Despite Plaintiff's apparent belief that Defendant discriminated against him based on his age, Plaintiff "checked the [Swiss Re] web site" again in March 2012, "saw that [Ferencz] was still continuing to seek... applicants, " and thereafter "decided to [once more] submit... [his] application for the position[]" for which he had previously applied. (First Am. Compl. 6.) He did so on March 24, 2012, ( id. ), and received the same automated reply that Defendant had sent him following the submission of his first application, ( see Pl.'s Ex. 4). The next month, on April 10, 2012, Defendant confirmed its earlier rejection of Plaintiff's application. (First Am. Compl. 6; see also Pl.'s Ex 5.) Ferencz explained to Plaintiff that "[u]nfortunately, [he had] already applied to [the] position[, ] and [was] notified on December 15, 2011 that [Defendant would] not be pursuing [his] candidacy, " and that Defendant's "decision to not pursue [his] candidacy for [the] role ha[d] not changed." (Pl.'s Ex. 5.)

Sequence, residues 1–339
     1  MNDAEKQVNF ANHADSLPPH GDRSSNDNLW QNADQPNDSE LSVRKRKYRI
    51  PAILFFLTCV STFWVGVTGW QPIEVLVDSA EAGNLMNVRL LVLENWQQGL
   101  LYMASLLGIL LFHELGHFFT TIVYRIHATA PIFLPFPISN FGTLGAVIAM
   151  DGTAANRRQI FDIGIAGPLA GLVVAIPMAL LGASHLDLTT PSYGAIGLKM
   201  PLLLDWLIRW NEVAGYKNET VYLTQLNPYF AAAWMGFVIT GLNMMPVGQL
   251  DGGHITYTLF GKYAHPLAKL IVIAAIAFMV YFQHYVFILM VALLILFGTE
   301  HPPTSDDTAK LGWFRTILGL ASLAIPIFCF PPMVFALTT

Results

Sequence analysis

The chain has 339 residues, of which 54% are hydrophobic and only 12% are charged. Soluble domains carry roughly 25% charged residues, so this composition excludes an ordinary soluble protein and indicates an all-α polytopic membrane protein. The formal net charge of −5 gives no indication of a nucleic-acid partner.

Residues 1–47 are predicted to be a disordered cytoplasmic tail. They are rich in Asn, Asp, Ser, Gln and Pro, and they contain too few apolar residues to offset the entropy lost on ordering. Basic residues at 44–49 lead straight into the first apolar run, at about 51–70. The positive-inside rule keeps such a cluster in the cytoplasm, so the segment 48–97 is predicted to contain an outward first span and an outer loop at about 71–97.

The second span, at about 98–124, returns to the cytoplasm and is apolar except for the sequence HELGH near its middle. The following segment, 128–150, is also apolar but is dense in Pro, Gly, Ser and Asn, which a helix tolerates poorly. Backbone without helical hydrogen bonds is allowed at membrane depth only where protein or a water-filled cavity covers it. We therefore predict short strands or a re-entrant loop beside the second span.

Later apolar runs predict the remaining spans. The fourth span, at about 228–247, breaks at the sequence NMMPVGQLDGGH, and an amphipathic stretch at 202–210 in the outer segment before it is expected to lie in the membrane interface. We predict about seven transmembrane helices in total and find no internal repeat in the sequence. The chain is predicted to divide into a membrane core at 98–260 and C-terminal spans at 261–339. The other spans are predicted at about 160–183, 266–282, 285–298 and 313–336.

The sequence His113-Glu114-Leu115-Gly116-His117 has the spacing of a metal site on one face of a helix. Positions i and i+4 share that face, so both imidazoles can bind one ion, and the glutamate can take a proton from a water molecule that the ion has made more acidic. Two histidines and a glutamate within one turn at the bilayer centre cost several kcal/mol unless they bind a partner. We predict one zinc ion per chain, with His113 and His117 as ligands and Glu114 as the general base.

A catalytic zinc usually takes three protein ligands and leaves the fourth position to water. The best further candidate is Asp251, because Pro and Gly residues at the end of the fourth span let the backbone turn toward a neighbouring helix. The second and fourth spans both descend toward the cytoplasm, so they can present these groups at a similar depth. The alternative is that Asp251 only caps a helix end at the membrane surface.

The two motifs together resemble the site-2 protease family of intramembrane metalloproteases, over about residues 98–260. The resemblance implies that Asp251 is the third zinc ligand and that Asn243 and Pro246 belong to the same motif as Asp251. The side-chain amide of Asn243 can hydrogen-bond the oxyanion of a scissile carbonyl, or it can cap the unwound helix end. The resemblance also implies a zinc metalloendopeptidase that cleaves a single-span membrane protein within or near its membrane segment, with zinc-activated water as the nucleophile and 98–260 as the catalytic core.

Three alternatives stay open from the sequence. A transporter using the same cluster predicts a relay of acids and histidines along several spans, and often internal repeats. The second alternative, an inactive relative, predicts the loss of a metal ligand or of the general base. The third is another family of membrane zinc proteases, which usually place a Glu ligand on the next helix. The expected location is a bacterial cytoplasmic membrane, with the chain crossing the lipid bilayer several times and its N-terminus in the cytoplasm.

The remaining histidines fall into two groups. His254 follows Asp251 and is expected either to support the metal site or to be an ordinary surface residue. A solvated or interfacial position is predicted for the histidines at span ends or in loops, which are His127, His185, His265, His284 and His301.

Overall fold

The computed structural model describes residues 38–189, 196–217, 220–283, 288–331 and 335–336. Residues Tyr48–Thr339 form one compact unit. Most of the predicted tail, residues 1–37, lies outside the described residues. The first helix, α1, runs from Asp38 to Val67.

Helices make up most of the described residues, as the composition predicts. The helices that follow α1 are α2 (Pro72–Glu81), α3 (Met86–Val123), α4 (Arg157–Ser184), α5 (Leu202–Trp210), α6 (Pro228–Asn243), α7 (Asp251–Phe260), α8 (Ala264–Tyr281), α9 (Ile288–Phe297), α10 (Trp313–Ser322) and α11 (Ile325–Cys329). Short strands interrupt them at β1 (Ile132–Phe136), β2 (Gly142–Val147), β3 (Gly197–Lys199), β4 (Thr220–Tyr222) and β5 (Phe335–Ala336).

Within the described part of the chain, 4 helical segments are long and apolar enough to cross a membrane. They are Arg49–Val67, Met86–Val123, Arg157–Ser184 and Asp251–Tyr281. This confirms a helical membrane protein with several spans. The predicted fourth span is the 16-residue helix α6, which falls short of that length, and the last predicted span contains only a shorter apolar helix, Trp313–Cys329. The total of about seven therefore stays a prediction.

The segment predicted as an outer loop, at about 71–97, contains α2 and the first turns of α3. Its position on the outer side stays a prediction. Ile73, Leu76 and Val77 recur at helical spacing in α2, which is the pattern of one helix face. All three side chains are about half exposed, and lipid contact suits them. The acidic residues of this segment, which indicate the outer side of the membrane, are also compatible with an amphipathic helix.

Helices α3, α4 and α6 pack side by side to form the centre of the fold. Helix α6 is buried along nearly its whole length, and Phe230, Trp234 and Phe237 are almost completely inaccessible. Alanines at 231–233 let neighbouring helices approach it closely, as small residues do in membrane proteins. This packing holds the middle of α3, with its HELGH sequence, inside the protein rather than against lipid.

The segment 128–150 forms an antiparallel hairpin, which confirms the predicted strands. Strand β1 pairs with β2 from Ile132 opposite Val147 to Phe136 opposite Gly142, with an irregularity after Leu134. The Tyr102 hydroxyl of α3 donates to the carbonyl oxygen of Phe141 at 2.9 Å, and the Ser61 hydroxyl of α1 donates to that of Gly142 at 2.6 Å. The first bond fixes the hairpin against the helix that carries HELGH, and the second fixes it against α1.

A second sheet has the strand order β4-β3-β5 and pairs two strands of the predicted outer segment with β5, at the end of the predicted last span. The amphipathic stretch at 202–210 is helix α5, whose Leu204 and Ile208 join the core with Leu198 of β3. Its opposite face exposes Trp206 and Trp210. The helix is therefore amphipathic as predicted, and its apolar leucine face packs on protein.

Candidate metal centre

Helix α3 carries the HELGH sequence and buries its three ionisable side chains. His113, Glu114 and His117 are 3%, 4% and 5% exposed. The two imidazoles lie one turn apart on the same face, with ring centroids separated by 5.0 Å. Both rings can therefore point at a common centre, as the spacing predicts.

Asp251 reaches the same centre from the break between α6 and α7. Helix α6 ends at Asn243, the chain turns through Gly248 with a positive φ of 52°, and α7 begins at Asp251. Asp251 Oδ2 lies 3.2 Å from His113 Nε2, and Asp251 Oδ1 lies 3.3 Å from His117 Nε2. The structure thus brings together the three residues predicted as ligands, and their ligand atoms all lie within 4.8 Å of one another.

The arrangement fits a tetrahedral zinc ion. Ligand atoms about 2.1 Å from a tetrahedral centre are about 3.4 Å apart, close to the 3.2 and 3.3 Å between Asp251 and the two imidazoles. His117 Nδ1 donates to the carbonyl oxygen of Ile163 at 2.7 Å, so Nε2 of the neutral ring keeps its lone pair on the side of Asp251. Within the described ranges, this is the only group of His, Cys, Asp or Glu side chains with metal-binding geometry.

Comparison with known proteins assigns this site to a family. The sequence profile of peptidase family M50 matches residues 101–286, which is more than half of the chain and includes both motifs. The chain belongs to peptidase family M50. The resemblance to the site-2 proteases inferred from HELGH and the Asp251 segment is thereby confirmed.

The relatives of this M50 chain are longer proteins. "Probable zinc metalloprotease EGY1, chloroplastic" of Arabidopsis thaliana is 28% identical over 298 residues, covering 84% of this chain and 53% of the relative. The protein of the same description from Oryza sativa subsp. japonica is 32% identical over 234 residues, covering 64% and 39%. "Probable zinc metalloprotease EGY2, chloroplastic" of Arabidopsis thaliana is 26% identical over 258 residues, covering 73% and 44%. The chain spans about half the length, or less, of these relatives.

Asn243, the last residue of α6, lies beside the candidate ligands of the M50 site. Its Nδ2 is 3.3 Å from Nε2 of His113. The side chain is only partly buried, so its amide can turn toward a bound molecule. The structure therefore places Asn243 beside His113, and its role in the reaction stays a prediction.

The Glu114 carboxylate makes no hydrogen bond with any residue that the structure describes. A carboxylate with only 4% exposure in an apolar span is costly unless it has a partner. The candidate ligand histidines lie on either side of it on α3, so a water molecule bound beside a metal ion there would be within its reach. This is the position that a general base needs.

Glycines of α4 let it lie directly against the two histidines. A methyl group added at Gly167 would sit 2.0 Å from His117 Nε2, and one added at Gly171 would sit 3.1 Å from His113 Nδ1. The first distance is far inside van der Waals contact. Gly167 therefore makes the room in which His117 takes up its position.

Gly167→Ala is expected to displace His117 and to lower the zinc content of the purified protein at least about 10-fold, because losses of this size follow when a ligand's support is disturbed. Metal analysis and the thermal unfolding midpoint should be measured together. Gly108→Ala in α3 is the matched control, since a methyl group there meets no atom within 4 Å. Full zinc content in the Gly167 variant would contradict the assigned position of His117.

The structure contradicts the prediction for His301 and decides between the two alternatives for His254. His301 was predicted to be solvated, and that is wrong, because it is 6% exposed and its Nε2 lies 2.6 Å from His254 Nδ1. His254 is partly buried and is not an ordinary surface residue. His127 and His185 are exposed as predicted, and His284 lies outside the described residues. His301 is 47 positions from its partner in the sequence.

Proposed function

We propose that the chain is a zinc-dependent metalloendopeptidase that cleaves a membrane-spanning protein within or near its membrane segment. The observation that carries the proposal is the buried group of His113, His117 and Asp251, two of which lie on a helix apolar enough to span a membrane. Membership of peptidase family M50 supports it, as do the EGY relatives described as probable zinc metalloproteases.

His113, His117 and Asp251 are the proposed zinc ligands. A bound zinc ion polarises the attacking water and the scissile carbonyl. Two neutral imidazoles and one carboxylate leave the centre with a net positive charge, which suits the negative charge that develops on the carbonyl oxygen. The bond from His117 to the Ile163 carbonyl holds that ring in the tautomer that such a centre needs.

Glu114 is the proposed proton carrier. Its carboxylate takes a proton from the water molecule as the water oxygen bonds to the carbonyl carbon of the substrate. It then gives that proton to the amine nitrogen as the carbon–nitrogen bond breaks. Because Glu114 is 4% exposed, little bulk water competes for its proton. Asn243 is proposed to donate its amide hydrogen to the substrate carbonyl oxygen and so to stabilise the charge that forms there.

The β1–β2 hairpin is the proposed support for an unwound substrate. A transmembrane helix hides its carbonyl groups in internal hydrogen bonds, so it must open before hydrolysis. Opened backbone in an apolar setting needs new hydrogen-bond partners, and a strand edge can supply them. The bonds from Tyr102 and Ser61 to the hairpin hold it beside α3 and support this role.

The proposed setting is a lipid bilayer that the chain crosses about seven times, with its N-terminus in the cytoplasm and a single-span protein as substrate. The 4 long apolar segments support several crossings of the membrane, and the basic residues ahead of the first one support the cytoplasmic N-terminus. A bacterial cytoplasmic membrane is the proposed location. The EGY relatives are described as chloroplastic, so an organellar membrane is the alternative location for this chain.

Plaintiff alleges that, "[a]fter being informed by EEOC of the existence of [his] discrimination charge, [Defendant] then started to send [him]... an email" every two weeks, in which Defendant wrote that it "wanted to reach out and confirm that [his] application [was] still being considered and [that it was] continuing the recruiting process for the position: Actuarial Analyst (Armonk, NY)." (First Am. Compl. 6; see also Pl.'s Exs. 6, 7.) Defendant sent the first of four such emails to Plaintiff on April 13, 2012, which, like the other three, identified itself as "automatically generated mail, " and asked Plaintiff to "[p]lease... not reply." ( Id. ) One week later, on April 20, 2012, the EEOC informed Plaintiff that it was closing its file on the age-based discrimination charge that he had submitted, as "[b]ased on its investigation, [it was] unable to conclude that the information obtained establishe[d] violations of the statutes." (Pl.'s Ex.)[2]